How she delivers for women: In Qatar, Her Highness Sheikha Mozah has become a symbol of women’s right to work and an education. A mother of seven, she is leading an effort to improve education and increase employment opportunities for young people across the region. As the chairperson of the Qatar Foundation, she established Education City, a 2,500 acre hub for students including six coed universities. She has used her public position to speak out against domestic violence, establishing the region's first battered women's shelter. And as founder and Chair of the Arab Democracy Foundation, she has worked to increase women’s participation in politics and encourage freedom of the press, and an open discussion of obstacles faced by Arab women. Her advocacy for women’s rights, education, and opportunity is sure to reverberate across the region for years to come.
Learn more: http://www.mozabintnasser.qa/Her%20Highness/Biography/Pages/default.aspx
Issue: Violence against women
How he delivers for women: Up to ten times a day, Mukwege enters the operating room at Panzi Hospital in Bukavu to repair the damage of Congo’s 14-year war. In a country where hundreds of thousands of women have been brutally raped, Mukwege has become an unwilling expert at treating the wounds of extreme sexual violence. His Panzi Hospital is one of the only institutions dedicated to caring for the war’s survivors, and he has treated over 21,000 women. Mukwege has spoken out furiously and eloquently about the scale of atrocities during the war, and the way in which rape has been systematically used to shred the social fabric of the Congo. In the face of unending violence and strained resources, he and his staff maintain one of the only oases of support for women devastated by extraordinary violence.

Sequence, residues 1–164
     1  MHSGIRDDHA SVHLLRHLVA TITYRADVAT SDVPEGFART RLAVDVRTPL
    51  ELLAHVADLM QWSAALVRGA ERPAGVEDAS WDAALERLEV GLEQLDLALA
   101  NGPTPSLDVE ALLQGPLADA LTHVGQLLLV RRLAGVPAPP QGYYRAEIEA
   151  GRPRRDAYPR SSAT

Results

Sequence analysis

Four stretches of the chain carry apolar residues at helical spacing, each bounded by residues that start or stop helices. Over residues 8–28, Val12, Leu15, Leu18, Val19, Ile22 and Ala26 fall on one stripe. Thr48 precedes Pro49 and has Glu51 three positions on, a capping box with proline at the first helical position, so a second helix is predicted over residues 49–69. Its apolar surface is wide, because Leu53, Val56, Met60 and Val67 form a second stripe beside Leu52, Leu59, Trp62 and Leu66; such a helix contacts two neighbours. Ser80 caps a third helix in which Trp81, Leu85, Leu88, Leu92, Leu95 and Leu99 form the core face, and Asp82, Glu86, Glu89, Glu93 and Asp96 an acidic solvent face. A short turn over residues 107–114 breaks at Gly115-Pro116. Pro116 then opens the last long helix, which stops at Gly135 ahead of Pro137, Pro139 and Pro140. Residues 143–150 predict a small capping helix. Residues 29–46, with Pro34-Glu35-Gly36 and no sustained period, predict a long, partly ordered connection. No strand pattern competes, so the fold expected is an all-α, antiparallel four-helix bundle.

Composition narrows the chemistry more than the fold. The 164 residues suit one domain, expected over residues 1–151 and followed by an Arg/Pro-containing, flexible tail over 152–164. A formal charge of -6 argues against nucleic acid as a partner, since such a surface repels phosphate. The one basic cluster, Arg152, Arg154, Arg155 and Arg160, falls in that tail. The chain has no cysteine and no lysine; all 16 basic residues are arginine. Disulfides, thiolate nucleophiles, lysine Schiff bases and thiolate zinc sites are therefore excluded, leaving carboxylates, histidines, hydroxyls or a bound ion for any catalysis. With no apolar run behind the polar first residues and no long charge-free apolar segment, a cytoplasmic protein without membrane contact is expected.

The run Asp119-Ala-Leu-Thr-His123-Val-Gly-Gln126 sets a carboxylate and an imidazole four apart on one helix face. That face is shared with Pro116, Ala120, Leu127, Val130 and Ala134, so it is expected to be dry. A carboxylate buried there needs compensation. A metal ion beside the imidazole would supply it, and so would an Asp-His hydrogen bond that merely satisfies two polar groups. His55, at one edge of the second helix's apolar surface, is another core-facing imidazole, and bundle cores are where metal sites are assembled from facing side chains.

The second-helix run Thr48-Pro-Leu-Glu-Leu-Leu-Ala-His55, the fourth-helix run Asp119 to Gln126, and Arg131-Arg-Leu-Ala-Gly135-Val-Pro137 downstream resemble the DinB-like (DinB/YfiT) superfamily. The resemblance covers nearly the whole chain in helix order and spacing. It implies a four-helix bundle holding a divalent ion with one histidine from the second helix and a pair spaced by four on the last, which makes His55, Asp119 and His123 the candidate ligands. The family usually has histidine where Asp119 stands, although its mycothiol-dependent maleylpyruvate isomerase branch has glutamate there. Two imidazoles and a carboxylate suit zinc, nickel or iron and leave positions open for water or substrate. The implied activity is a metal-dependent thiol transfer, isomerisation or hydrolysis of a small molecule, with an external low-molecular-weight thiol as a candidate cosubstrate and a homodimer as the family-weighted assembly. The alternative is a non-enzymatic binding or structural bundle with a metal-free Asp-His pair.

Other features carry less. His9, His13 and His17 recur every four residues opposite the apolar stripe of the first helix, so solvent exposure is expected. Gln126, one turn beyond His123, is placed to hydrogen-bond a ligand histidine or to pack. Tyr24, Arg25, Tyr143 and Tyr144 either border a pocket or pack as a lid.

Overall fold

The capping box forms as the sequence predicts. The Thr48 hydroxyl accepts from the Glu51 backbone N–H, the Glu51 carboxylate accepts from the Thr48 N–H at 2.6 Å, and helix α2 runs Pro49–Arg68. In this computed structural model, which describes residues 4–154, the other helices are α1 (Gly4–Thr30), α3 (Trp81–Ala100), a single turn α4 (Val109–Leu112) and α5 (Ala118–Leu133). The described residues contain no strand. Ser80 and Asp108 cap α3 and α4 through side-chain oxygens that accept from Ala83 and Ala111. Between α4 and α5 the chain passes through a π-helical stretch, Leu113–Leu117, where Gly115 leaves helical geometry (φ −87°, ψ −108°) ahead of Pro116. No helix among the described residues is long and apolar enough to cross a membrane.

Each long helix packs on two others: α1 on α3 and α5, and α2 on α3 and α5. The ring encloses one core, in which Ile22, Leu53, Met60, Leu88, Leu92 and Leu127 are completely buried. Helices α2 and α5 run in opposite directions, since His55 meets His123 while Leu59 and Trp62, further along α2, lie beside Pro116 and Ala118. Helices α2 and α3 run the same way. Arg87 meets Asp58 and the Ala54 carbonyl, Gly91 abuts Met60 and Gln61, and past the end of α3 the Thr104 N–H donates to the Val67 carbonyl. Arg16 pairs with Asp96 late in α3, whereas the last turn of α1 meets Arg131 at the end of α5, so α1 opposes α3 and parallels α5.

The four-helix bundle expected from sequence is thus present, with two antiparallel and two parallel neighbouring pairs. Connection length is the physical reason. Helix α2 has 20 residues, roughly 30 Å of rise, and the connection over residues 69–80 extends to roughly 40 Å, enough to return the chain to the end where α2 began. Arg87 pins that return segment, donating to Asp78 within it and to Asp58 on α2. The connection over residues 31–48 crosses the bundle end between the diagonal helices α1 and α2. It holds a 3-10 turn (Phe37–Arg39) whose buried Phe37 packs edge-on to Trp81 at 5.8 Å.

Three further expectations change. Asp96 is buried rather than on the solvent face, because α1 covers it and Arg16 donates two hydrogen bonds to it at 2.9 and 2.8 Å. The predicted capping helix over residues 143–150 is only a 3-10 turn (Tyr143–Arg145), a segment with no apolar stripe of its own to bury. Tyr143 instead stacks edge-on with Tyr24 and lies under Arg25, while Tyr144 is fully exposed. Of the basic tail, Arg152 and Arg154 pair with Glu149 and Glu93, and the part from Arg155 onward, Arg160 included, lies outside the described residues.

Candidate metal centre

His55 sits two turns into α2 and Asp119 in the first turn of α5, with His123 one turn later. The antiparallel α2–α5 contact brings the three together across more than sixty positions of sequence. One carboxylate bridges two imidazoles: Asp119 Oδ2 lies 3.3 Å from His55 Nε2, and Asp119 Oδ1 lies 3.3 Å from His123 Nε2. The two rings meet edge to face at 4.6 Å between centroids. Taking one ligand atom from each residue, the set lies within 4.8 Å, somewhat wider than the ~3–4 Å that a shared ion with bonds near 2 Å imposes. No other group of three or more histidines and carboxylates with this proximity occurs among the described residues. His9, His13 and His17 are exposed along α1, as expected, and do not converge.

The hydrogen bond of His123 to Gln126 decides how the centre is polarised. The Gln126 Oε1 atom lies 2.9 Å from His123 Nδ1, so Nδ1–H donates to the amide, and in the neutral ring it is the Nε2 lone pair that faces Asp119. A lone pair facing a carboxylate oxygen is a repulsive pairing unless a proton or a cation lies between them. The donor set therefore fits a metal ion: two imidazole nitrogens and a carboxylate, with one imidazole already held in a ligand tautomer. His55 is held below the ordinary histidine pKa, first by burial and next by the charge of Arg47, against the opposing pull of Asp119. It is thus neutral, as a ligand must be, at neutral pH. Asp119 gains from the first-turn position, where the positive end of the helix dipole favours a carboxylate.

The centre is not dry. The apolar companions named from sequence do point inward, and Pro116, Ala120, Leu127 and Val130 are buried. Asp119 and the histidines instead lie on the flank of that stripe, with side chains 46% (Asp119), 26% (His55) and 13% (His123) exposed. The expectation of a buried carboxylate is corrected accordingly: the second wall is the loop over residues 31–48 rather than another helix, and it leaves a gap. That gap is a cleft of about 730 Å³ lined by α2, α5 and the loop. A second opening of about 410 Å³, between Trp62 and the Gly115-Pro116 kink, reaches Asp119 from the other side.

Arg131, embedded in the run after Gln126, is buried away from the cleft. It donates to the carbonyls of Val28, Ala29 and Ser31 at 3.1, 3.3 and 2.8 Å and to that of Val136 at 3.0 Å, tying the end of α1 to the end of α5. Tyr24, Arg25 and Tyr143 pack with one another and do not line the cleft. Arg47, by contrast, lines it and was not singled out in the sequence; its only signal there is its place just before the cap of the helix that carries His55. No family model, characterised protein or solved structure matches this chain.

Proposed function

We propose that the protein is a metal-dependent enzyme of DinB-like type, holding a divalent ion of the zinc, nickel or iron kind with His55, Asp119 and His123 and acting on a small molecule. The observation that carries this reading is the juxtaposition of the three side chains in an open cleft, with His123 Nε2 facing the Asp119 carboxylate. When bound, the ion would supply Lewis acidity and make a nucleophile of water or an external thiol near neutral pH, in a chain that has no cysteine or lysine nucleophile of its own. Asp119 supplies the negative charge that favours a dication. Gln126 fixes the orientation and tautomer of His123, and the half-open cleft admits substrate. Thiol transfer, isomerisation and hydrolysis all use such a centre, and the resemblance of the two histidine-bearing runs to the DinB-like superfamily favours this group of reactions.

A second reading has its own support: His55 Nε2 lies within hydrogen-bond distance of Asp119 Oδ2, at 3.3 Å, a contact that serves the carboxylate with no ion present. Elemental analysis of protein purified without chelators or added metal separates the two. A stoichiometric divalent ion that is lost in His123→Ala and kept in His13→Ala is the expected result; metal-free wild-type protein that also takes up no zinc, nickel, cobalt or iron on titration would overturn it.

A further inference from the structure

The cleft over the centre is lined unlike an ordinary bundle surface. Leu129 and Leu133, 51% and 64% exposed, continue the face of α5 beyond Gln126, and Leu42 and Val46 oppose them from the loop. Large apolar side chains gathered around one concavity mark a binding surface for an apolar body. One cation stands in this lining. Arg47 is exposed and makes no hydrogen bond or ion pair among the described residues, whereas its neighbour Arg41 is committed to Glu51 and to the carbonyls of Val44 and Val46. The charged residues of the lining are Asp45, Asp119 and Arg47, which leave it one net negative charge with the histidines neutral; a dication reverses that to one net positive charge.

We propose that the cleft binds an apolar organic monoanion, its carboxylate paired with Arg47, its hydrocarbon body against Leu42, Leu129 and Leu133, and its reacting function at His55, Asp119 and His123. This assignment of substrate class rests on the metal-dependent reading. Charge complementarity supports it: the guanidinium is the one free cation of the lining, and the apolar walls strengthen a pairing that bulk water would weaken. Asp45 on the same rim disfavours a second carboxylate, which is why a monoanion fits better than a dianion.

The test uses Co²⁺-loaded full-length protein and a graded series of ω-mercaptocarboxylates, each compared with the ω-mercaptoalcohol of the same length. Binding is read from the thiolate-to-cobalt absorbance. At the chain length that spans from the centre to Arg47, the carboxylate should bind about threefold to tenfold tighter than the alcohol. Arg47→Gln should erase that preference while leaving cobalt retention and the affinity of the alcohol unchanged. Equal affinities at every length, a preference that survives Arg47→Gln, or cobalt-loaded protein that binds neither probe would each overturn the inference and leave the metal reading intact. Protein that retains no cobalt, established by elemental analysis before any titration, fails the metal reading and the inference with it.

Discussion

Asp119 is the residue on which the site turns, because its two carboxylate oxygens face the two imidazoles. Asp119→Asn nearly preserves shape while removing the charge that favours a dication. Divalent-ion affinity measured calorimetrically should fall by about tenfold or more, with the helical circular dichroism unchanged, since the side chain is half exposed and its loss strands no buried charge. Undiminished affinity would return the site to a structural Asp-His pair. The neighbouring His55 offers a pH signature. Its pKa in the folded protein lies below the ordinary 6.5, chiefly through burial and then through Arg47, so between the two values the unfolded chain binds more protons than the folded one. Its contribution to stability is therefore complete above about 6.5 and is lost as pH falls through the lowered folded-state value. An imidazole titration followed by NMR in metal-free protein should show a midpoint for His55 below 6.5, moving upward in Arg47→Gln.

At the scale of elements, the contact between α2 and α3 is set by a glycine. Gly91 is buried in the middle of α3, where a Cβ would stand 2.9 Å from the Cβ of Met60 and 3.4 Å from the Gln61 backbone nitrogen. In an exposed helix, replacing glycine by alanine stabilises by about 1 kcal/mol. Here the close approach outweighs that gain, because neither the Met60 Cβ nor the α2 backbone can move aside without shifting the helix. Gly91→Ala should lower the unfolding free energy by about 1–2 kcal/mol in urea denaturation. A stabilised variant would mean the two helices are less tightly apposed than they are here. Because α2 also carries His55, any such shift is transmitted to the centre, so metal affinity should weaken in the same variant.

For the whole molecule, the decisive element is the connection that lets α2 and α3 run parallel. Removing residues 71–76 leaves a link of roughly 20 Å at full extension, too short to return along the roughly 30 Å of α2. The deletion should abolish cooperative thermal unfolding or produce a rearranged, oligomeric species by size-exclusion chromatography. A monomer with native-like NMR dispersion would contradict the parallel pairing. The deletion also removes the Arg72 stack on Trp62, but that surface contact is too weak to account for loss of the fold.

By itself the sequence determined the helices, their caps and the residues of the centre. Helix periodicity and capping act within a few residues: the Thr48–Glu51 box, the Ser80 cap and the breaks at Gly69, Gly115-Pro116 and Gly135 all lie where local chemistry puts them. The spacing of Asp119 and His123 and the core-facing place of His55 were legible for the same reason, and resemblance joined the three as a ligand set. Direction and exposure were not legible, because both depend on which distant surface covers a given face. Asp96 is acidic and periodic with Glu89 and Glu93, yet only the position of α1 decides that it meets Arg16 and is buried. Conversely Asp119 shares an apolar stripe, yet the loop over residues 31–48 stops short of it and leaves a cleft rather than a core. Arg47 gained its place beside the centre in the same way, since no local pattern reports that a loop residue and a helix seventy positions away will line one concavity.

Learn more: http://www.panzihospitalbukavu.org/drmukwege.php?weblang=1
Issue: Violence against women
How she delivers for women: Namegabe was one of the first journalists to broadcast the stories of Congolese women, hundreds of thousands of whom have been raped and tortured in the past decade. As Eastern Congo descended into war in the late 1990s, Namegabe, a self-taught radio journalist, launched a talk show on community radio to air the graphic testimonies of rape survivors. Realizing the potential impact of media coverage in holding governments accountable for atrocities, Namegabe founded the South Kivu Women’s Media Association (AFEM) to fund her activism and train other women journalists. With AFEM and through her radio broadcasts, Namegabe has exposed and denounced government corruption and human rights abuses, and given Congo’s women a way to make their voices heard.
Learn more: http://englishafemsk.blogspot.com/
Issue: Girls’ and womens’ rights
How she delivers for women: When 10-year-old Nujood Ali came to Nasser, a human rights lawyer and the founder of Yemen’s first all-female law office, Ali asked for one thing: a divorce. Nasser took the case, and in 2008 she won the first ruling in Yemen’s history freeing a child bride from forced marriage. Roughly 50 percent of Yemeni girls are married before they are 18, and though the law forbids sex until the bride is “suitable for sexual intercourse,” the requirement is often ignored. Ali and Nasser gained worldwide attention for the case, and Nasser has gone on to represent several other child brides, while pushing the government to raise the legal age of marriage. Through her courageous work, she has helped to shatter the silence surrounding child marriage, offering a new hope to girls across the region.
Issue: Violence against women
How she delivers for women: She may be only 23, but Negash has already helped countless girls in Ethiopia live free from sexual violence. At 13, she was twice kidnapped and brutally raped by a neighbor who then tried to force her into marriage. Ethiopian law at the time stated that a man could not be prosecuted for raping a woman he later married. But Negash, in a breathtaking act of courage, refused to marry, and with her father and the help of the Ethiopian Women Lawyers Association, she fought to have her attacker arrested. In 2005, as a result of their taboo-breaking stand, Ethiopia adopted a new penal code which states that rape is still rape, even when it is papered over by marriage. Negash broke the silence on sexual violence in Ethiopia, and her action spurred her nation toward justice.
Learn more: http://www.equalitynow.org/english/actions/action_2204_en.html
Issue: Maternal health and indigenous women’s health and rights